Oxymorphone – See Related Topics

Oxymorphone is a Class II narcotic opioid analgesic drug. It is equivalent to 30 mg of morphine and is primarily used to treat individuals with moderate to severe pain. The primary component of oxymorphone is thebaine – a derivative of the opium poppy plant. This inclusion has oxymorphone classified by the FDA (United States Food and Drug Administration) as a Class II narcotic due to the production of a strong euphoric effect if abused and from its strong likelihood for creating an addiction.

Abuse of oxymorphone does occur as the drug is readily available on the street going by names such as biscuits, Mrs. O, stop signs, blue heaven, blues, and O bomb. Addiction is somewhat commonplace due to the drug being an opioid derivative of the poppy plant. As with any opioid, individuals who take the drug frequently and in high doses build up a tolerance and then become unable to cease use on their own. Of concern with oxymorphone is that some abusers who lose access to this drug or can no longer afford it turn to heroin as an alternative. Also, recreational users have picked up on using this drug as a substitute for OxyContin after its formulation was changed to make it harder to modify.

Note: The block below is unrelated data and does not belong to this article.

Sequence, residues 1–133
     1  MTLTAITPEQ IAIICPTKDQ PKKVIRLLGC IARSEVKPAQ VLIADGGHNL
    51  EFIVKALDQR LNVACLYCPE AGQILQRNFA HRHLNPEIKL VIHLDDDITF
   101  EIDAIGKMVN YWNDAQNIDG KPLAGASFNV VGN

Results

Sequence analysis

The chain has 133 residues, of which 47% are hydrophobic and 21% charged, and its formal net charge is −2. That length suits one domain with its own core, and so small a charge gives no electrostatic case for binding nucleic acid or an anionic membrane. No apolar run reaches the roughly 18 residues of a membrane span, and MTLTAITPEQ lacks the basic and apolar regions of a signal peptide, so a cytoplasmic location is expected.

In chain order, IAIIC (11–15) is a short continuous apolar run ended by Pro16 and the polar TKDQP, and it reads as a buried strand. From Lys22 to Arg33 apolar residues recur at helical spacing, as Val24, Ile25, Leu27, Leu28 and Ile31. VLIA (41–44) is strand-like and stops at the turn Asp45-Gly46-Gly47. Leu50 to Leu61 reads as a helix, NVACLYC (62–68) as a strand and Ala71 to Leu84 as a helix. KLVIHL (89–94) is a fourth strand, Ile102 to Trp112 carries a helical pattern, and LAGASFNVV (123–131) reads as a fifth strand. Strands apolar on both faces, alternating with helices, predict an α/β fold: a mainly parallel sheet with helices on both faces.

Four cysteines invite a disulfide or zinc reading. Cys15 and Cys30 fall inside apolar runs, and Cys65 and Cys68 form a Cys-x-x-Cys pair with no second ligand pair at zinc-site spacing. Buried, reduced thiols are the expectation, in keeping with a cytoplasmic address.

Treatment to stop the abuse and addiction is difficult but can be well managed if professional help is sought. This is typically done to assist with the harsh withdrawal symptoms that can happen.

If you or somebody you know has become reliant on using oxymorphone, help to break this addiction is available. To learn more, check out the related topics or contact a representative at The Recovery Village to learn about options for recovery.


Oxymorphone Related Topics

Mixing Alcohol And Oxymorphone Side Effects, Interactions And BlackoutsOxymorphone is a Schedule II controlled substance classified as an opioid. Opioid drugs are also called narcotics, and this drug class includes prescription pain medications as well as the illicit street drug heroin.
Taking Oxymorphone During Pregnancy: What You Need to KnowTaking oxymorphone while pregnant has not been specifically studied in humans, so the direct effect on unborn babies is unknown. Animal studies have been performed, and show a decreased birth weight, a higher risk of stillbirths, and an increased risk of post-birth fatalities.Another possible risk to the baby from taking oxymorphone while pregnant is neonatal withdrawal syndrome because of the high potential of oxymorphone dependence.
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